From Monocapitalism to Multicapitalism

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1. Michel Bauwens

Why I endorse this approach, i.e. Multicapitalism is a vital ingredient of Post-Capitalism:

The multi-capitalist approach, which must not be mis-understood as 'pricing nature':

"It is true that multicapitalism is still beholden to the human vs nature dichotomy, BUT, I would argue that this will always remain a operative distinction even in a ecological world, as our distinct species interest do not fully coincide with the interests of all other species, despite our common interdependence on the web of line. To argue somewhat starkly: even breatharians would ingest and digest 'natural beings'. What Baue and colleagues stress, is the non-fungibility of capitals, and capitals are not defined as dead nature, as under monocapitalism, but simply as any 'stock' that produces flows; under a multi-capital approach, any human entity must respect every form of capital and defend it and that includes defending its aliveness, for example a dead pasture cannot produce any flow, neither for humans neither for extra humans. So, under monocapitalism, dead capital is prioritized, under the Shared Value paradigm (conscious capitalism), dead capital is prioritized and acceptable as long as other capitals may benefit also, and this approach is based on the fungibility and pricing of all capitals (so one can compensate the other) ,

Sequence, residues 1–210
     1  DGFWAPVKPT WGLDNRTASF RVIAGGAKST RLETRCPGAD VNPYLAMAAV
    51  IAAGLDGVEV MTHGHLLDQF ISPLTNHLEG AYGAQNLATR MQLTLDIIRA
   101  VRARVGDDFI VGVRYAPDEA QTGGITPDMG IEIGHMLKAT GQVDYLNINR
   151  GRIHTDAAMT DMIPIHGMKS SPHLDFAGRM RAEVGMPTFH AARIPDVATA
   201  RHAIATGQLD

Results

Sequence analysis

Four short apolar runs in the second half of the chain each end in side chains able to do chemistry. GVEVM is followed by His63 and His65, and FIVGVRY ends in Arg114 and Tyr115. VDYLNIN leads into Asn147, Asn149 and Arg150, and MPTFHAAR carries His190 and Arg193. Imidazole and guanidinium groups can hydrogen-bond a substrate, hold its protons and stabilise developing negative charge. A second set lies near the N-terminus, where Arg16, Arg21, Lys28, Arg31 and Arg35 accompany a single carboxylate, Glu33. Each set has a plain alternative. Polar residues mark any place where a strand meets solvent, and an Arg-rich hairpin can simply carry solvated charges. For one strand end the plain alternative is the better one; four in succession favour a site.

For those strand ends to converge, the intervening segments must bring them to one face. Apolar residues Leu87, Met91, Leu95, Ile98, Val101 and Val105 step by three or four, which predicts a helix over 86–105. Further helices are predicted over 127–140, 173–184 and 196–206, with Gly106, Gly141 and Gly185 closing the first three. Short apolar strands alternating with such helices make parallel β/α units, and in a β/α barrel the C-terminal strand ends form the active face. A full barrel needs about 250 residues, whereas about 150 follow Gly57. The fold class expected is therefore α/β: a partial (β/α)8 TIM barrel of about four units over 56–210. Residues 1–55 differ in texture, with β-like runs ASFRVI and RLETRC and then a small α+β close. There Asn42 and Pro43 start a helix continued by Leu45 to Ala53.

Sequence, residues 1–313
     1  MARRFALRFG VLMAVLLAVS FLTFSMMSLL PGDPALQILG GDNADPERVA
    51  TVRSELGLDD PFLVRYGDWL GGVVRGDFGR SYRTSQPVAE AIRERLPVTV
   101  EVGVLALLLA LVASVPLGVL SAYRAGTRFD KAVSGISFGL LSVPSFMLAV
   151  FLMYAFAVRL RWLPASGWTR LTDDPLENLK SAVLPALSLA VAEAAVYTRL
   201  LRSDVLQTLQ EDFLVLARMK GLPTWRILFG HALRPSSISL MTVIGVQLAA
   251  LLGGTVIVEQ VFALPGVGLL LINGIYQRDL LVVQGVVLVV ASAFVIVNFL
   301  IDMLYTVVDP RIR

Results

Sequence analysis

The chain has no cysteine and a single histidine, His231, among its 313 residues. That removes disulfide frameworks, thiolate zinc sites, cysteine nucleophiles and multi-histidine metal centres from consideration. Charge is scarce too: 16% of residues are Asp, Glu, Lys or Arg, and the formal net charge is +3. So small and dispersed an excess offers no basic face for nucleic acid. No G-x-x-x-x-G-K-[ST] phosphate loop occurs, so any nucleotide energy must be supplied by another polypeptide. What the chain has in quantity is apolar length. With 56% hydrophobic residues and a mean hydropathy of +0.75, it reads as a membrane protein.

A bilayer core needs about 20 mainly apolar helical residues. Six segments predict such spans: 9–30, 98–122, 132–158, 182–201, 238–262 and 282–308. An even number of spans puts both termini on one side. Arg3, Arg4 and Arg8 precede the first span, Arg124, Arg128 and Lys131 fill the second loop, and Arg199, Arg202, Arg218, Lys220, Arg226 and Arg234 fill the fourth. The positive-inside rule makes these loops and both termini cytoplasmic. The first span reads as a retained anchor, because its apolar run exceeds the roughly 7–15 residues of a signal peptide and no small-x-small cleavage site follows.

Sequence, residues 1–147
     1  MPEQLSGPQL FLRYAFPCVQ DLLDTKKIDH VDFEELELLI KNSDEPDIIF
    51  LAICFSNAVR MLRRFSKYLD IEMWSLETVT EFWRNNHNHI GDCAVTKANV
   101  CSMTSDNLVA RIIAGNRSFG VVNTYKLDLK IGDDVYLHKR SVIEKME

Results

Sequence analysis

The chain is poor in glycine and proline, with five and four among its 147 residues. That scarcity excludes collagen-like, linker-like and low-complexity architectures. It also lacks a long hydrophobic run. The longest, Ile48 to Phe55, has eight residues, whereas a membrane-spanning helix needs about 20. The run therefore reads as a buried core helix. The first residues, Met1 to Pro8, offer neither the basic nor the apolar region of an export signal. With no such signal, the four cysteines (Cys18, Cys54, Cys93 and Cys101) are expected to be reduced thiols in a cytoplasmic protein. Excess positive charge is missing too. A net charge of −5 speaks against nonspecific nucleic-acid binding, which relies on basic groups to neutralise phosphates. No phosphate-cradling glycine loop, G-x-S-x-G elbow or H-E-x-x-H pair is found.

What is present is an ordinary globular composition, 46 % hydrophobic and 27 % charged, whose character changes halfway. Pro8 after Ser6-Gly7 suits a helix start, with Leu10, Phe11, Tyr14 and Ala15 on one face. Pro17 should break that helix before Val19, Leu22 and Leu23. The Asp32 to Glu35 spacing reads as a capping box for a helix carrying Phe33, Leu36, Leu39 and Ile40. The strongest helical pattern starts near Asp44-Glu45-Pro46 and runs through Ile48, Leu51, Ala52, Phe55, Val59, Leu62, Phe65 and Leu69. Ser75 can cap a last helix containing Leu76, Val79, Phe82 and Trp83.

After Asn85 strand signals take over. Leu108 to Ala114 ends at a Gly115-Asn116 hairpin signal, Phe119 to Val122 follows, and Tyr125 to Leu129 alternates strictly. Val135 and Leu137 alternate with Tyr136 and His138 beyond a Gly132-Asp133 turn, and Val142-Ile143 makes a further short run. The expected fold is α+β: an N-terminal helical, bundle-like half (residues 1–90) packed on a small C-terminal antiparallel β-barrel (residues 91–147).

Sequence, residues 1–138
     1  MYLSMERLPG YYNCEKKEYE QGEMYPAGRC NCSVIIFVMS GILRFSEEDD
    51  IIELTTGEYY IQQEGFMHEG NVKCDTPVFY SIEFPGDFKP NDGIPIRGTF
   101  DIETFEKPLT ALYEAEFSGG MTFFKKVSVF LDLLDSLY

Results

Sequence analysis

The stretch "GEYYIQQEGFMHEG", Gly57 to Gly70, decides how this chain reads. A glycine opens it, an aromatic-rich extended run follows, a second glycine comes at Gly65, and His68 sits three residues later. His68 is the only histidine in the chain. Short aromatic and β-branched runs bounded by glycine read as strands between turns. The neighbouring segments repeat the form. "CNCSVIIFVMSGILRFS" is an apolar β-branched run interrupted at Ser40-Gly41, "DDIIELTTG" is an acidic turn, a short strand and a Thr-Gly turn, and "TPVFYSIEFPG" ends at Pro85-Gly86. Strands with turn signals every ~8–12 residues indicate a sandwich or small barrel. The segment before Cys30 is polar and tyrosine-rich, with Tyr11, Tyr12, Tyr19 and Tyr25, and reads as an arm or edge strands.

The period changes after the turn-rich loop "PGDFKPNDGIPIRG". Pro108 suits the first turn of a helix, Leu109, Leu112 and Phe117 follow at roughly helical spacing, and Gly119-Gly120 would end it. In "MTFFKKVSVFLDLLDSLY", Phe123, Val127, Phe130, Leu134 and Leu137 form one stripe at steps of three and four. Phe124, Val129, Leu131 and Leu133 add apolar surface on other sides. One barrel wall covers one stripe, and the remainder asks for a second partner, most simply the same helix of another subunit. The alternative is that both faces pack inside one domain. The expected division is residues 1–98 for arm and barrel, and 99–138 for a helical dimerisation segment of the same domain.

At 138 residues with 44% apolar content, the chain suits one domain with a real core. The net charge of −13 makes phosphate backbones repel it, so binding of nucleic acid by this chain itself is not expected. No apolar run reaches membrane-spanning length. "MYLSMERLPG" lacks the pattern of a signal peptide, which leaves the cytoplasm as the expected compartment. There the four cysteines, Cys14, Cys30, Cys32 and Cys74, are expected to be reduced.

HOWEVER, under multi-capitalism, System Value is prioritized, meaning that every of the 3 main capitals needs to be maintained and sustained. I see this as an important way to transform predatory entities into regenerative entities, and precisely because the language is rooted in our post-Enlightenment history, it has substantial chances to be adopted."

2. Lois Guthrie:

"In the introduction Bill asks whether capitalism as currently practiced, that is, with a focus on financial growth (monocapitalism) at the expense of other capitals, is the root cause of humanity’s predicament. As an alternative, Bill’s paper explores multicapitalism that “maintains the carrying capacities of all vital capitals respecting normative thresholds…that distinguish healthy capital resource stocks, which can continue to generate healthy flows, from unhealthy stocks, too compromised to produce healthy flows.” The paper therefore calls for a paradigm shift from Monocapitalism to Multicapitalism." (